Album Review: Your Queen Is A Reptile

There’s a reason Your Queen is a Reptile was named The Wire magazine’s album of the year.

From the moment the bassy tuba kicks in over the driving rhythms of ‘Ada Eastman’, the listener is transfixed by the Mercury Prize-shortlisted Sons of Kemet’s infectious energy. Even for someone who, at the best of times, has little patience for jazz, Hutchings and Cross’s horns demand attention. The intensity of the complex, winding beats, a product of the band’s two drummers, fills the listener. And yet, for all its musical brilliance, Your Queen is also a political statement. The album’s ‘Ickeian’ title contrasts with the track list, in which the band recognises various (mostly historical) black women such as Harriet Tubman and Nanny, Queen of the Maroons as ‘Queen’. And that is the message of the album; it reverses the colonial hierarchies which dehumanised people of colour, instead celebrating them, while calling out the Queen (still the head of the commonwealth) as a representation of British imperialism and supremacism. 

Sons of Kemet’s ‘Your Queen Is A Reptile’ Album Cover   Image Credit

Sons of Kemet’s ‘Your Queen Is A Reptile’ Album Cover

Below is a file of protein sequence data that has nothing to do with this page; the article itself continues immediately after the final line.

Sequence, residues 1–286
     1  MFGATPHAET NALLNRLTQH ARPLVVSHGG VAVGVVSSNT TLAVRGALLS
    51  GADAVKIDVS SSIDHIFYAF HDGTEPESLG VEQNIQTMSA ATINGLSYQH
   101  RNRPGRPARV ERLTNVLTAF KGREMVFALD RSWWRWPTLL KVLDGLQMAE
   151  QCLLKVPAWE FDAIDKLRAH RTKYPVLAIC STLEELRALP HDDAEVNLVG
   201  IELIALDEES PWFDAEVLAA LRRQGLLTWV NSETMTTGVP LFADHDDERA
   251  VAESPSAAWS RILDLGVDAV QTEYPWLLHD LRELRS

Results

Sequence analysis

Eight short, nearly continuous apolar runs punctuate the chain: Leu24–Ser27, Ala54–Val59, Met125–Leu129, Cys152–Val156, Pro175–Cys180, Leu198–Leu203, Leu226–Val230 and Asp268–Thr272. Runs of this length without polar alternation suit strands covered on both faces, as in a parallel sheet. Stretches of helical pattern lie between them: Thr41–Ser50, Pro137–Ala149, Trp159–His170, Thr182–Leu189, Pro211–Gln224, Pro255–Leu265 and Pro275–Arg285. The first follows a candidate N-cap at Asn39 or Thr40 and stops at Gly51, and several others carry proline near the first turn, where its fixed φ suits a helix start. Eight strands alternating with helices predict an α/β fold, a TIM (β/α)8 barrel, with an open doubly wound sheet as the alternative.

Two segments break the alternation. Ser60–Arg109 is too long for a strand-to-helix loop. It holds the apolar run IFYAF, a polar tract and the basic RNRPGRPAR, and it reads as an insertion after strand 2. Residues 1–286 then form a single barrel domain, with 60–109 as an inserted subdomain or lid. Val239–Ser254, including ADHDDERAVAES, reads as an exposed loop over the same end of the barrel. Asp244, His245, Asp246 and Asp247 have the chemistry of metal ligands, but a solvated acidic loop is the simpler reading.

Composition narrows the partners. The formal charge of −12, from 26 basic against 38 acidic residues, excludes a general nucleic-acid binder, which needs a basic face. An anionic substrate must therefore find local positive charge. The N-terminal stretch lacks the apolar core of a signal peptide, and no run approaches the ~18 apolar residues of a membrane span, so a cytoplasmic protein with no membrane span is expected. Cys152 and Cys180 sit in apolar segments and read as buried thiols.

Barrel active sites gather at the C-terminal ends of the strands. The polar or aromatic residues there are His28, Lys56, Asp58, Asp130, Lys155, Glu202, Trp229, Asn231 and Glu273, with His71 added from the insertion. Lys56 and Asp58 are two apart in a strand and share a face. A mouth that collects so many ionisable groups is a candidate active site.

Image Credit

The release of the album was accompanied by a music video, starring poet Joshua Idehen. It opens, before the music starts, with the words ‘Your Queen considers herself our better’. While the video portrays Elizabeth the woman, it is clearly about more than her. It is about the institutions and history of empire, class, colonialism, suppression, et al. It is about a Britain that fails to remember its ‘history is not pure’ and its ‘conscience is not clean’. It demands recognition of not just the role empire played in the creation of modern Britain, but far more radically the equal humanity of the colonised. 

However, the politics of the album are not confined to history and remembrance. The last song on the album, ‘My Queen is Doreen Lawrence’ refers to the mother of Stephen Lawrence, who’s murder led to the McPherson report concluding the Metropolitan Police was institutionally racist. During this track, Joshua Idehen utters ‘Don’t wanna take my country back mate / Wanna take my country forward’. In an age in which British politics feels suffocated between the reactionary right and wet liberalism, an album which both acknowledges Britain’s deep problems and offers a new radical future is incredibly refreshing.Your Queen is a Reptile is politically insightful, incredibly relevant and, perhaps most importantly, amazing to listen to. Even if politics isn’t your thing, even if jazz isn’t your thing, I challenge anyone to avoid being sucked in by this masterpiece of an album.

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